Consilience: The Unity of Knowledge
a book by Edward O. Wilson
(our site's book review)
Consilience means the unity of knowledge. It strives, as do some generalist synthesists like the Tofflers, for holistic, ecological, systems knowledge of the world.
One subject touched on is Freud’s Oedipal complex. New evidence strongly favors dumping Oedipal theory and adopting the ideas of Westermarck instead. The Westermarck effect says that the human brain is programmed by heredity to have no sexual interest in those whom you knew intimately during the earliest years of your life. It’s why mother-son incest is so rare and kibbutz peers don’t have sex with one another. A great deal of anecdotal evidence from other cultures also supports his idea. On the other hand, Freud’s best support for his Oedipal theory is the amount of incest that actually occurs in this world. But since the vast majority don’t do it and instead obey the dictates of the Westermarck effect, the latter is now a more credible theory.
Maslow disparaged fundamentalists’ ideas about original sin and mankind born sinful and evil
The fundamentalists’ ideas about original sin and mankind born sinful are unadulterated poppycock
Freud’s theory has always supported the fundamentalists’ ideas about original sin and mankind born sinful—at least in their minds. Maslow rightly found such an idea silly at best, and Freud had little time for religion of any kind, but the Westermarck effect undermines the idea of anyone being born in sin. In fact, if anything, it’s the opposite, since the theory supports humans being born with an innate incest prevention mechanism. Wilson also sees social taboos in effect that reinforce the hereditary programming.
Freud’s Oedipal complex should be dumped in favor of the Westermarck effect
He discusses the disunity and failure of vision experienced by social scientists. And he looks at the way social engineering in general and Social Darwinism specifically—courtesy of Lenin, Stalin, Hitler and other such jerks—was endorsed by misguided social scientists.
He bewails cultural relativism, which leads to political multiculturalism, identity politics, and—worst of all—political correctness. No culture, idea, artifact, cultural practice or child-raising tactic is better than any other; they’re all simply different from each other, say the relativists. (See A No-Fault Holocaust.) Whether one concurs with such foolish naïveté or not, one thing is positive: some cultural practices are more effective, humane and in harmony with human nature than others. Some are more ecologically sound.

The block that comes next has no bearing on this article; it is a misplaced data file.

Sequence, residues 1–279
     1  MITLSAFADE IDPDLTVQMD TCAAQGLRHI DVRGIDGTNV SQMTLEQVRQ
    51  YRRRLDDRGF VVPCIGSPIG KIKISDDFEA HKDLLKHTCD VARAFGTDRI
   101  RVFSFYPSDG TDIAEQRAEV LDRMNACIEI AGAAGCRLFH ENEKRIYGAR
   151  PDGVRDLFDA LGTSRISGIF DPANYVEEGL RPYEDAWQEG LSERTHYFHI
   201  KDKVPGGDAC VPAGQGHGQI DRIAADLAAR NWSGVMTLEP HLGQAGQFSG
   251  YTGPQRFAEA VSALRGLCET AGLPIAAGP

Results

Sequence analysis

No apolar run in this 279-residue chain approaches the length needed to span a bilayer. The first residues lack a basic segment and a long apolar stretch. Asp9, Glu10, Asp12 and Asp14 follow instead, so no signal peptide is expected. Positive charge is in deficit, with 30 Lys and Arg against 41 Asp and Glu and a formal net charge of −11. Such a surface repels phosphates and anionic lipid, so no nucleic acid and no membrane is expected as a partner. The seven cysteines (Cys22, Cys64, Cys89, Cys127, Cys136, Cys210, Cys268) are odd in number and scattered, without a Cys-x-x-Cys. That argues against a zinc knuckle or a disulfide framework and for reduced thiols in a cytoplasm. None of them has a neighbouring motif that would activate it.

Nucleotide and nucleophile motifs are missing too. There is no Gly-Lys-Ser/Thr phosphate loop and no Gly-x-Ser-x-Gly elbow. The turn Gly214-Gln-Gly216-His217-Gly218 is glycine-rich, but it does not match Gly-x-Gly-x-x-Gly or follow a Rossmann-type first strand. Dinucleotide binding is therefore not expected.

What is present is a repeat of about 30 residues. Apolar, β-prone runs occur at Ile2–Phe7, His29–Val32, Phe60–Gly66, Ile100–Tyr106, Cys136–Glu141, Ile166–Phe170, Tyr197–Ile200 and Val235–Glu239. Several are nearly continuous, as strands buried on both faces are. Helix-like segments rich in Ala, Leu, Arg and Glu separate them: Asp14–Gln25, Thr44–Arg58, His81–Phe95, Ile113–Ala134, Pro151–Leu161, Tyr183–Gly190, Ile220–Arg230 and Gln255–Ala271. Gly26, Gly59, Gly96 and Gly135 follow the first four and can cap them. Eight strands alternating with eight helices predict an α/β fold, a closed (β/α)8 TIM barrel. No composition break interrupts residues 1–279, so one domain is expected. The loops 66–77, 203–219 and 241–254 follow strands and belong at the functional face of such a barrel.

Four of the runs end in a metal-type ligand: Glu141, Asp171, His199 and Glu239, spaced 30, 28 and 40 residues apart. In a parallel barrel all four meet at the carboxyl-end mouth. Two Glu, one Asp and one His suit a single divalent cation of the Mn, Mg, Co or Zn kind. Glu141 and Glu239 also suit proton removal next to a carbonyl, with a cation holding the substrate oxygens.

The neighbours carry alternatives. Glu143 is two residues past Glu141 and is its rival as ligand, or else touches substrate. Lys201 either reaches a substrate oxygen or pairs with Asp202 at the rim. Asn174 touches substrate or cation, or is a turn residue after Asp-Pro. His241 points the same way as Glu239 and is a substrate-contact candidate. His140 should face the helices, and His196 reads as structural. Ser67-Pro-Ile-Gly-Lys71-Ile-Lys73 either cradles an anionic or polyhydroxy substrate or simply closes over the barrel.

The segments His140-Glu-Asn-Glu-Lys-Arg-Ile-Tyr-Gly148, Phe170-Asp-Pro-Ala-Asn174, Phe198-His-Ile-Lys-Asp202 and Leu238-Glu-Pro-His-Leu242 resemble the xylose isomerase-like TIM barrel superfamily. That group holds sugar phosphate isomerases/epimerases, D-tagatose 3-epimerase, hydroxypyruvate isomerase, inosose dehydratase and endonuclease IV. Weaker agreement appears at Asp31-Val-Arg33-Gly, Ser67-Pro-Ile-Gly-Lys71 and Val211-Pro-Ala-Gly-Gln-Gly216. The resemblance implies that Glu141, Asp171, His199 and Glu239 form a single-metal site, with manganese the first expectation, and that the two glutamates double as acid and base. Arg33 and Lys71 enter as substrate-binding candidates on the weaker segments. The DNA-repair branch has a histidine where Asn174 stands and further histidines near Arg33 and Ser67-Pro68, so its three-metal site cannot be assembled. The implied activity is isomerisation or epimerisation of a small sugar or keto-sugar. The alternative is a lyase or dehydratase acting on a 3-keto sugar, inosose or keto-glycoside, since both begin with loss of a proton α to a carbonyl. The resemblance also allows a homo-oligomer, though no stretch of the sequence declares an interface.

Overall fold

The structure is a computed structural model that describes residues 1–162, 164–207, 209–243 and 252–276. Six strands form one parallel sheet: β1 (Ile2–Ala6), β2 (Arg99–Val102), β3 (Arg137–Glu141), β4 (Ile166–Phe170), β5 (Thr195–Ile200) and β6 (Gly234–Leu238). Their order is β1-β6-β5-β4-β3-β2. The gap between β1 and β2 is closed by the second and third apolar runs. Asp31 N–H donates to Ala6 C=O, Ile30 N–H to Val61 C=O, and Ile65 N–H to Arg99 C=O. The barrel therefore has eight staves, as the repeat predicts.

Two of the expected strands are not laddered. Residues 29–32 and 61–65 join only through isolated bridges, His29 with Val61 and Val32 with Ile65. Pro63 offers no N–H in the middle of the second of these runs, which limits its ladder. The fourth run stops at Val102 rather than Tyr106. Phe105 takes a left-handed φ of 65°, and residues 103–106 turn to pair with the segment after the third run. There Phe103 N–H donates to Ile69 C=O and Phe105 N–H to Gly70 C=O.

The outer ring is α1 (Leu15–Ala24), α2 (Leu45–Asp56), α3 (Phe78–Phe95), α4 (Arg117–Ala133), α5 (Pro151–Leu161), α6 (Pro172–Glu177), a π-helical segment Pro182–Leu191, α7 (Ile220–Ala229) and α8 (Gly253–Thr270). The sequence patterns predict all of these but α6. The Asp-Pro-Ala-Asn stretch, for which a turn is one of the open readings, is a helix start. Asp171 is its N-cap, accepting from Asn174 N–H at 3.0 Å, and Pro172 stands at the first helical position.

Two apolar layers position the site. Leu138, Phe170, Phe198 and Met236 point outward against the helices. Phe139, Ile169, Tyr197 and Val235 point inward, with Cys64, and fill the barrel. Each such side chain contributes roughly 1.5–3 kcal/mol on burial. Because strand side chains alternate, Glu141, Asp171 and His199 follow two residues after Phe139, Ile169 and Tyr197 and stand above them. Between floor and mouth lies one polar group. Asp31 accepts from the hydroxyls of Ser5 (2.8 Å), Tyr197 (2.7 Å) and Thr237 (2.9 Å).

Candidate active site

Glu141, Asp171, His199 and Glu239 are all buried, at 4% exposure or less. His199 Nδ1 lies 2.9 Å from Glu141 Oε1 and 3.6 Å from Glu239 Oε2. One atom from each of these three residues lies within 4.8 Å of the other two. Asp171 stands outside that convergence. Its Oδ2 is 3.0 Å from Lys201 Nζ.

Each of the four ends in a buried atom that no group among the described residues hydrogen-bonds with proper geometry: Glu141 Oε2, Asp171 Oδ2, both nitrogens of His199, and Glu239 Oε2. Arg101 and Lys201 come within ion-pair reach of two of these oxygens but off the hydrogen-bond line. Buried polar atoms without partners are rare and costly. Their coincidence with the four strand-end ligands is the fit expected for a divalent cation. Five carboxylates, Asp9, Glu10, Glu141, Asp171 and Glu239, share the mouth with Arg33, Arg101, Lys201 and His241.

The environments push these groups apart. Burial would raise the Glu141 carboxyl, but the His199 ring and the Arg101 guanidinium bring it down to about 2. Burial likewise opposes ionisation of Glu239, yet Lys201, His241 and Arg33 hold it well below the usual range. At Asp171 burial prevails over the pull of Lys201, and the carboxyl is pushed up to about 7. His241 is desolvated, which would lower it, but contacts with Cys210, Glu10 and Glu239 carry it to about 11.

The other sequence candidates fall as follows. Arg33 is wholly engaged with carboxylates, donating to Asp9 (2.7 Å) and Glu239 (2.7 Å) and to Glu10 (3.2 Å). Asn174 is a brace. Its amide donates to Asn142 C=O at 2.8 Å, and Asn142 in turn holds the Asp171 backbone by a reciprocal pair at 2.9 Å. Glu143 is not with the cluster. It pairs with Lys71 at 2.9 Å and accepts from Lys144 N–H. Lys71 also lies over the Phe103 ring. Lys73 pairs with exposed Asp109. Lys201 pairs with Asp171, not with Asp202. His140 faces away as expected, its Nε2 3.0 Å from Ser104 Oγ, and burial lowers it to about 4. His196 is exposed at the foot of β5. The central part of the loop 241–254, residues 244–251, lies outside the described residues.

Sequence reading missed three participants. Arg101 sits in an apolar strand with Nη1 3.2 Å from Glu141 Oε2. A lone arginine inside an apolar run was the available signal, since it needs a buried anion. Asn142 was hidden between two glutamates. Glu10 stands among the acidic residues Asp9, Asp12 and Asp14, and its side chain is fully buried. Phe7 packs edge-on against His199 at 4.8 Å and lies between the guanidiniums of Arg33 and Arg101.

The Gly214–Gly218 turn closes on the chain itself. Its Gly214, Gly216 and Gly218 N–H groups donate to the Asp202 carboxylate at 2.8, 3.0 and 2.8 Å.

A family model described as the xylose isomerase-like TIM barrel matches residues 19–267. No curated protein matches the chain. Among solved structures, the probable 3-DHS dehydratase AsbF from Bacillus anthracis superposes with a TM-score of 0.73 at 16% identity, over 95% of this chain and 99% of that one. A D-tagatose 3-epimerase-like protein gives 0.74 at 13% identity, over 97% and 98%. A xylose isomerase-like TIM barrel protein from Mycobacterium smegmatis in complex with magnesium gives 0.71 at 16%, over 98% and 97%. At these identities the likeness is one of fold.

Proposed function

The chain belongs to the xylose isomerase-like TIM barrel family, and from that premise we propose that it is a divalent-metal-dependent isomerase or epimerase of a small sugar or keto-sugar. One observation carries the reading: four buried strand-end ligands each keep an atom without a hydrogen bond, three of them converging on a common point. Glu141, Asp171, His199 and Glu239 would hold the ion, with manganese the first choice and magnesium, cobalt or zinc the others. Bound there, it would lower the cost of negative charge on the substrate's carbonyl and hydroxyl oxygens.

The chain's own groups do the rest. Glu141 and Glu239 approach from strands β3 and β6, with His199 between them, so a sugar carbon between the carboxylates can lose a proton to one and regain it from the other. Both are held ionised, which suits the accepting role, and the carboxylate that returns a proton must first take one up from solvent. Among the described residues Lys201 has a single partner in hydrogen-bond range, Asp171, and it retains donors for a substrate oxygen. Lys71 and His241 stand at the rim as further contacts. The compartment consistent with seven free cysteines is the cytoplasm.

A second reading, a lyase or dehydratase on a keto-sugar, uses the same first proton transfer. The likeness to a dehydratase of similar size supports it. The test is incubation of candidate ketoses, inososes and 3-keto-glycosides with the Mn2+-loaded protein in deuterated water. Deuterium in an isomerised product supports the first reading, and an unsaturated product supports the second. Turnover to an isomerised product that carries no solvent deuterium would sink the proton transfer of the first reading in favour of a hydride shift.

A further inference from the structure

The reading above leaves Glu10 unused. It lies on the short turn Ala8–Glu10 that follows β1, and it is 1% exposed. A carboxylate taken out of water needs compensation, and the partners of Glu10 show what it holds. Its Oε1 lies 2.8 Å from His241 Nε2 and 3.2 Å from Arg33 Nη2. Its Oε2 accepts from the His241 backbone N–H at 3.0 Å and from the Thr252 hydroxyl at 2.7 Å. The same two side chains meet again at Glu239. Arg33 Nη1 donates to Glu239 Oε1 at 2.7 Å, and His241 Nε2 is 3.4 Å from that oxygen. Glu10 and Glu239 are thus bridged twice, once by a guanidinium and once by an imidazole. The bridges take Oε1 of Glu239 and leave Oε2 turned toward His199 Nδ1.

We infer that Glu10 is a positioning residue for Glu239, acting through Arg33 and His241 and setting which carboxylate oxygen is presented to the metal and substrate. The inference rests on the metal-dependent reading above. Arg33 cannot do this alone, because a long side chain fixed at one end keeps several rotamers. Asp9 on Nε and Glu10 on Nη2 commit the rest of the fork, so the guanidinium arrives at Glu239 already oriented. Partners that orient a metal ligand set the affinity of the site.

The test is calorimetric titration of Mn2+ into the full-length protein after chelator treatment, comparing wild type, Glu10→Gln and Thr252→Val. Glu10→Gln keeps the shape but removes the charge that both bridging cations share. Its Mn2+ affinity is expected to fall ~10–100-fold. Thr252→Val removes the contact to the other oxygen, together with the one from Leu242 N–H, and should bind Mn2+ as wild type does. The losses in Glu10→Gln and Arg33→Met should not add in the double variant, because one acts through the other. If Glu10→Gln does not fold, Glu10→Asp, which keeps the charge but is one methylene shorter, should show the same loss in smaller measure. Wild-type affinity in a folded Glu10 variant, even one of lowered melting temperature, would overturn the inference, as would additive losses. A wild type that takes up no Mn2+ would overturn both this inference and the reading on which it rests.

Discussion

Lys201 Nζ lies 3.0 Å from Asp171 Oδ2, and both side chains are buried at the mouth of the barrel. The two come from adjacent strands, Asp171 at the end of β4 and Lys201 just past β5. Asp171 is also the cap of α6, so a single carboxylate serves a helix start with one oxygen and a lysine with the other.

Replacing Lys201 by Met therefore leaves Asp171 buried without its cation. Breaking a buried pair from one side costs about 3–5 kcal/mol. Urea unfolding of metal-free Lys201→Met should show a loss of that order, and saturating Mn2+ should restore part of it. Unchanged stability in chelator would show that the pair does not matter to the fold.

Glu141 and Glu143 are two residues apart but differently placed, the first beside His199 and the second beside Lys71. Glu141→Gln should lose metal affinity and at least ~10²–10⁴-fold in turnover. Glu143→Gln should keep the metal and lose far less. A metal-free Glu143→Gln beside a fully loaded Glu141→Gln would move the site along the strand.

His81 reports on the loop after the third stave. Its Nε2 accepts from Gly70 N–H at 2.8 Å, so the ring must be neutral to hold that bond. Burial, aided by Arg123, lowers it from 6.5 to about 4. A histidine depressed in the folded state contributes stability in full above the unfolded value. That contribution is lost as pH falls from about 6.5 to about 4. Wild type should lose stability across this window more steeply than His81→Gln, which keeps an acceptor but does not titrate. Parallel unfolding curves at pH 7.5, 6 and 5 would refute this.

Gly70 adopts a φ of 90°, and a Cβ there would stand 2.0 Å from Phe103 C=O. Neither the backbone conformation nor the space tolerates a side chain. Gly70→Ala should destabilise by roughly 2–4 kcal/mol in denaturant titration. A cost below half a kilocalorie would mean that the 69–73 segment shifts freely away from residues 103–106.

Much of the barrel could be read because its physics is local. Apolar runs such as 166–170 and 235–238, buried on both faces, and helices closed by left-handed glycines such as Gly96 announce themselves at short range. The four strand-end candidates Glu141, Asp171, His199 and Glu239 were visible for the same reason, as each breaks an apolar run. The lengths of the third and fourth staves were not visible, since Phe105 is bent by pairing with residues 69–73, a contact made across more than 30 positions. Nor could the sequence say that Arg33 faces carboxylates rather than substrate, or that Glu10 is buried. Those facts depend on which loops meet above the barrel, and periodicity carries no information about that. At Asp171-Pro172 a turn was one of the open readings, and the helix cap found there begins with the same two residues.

“The main thrust of the consilience worldview . . . is that culture and hence the unique qualities of the human species will make complete sense only when linked in causal explanation to the natural sciences.” Carl Sagan dovetailed with this approach in his Cosmos series and his book Shadows of Forgotten Ancestors. “We are drowning in information, while starving for wisdom,” says Wilson. We need synthesists desperately. Wilson is such a natural scientist. And the Tofflers are such social scientists/futurists. We like to think our website is holistic, synthesistic, and wise. Judge for yourself.
We are drowning in information, while starving for wisdom
Population growth can justly be called the monster on the land
The Pope needs to rethink the idea that covering the earth with a layer of squirming humanity twenty feet deep will demonstrate the 'glory of God' (rather than the stupidity of humans)!
“Population growth can justly be called the monster on the land. . . . The common aim must be to expand resources and improve the quality of life for as many people as heedless population growth forces upon Earth . . .” He discusses the Rwanda catastrophe—war, starvation, displacement, disease, etc. It happened because of overpopulation, and that in turn happened because of better health care and improved food supply. Women were averaging eight children apiece. This type of irresponsible carelessness often exacts a price on those who engage in it. If cultures cannot manifest the slightest shred of ecological wisdom, they will—and do—pay. The reductionistic approach of curing Rwandan diseases and increasing their food supply without any concomitant sociocultural or political measures, systems perspective, or ecological awareness illustrates the old, mechanistic-reductionistic paradigm gone mad. And: “Rwanda is a microcosm of the world.”
“We are entering a new era of existentialism . . . [in which] only unified learning, universally shared, makes accurate foresight and wise choice possible.” This is Third Wave, Tofflerian futurist-think as well as common sense.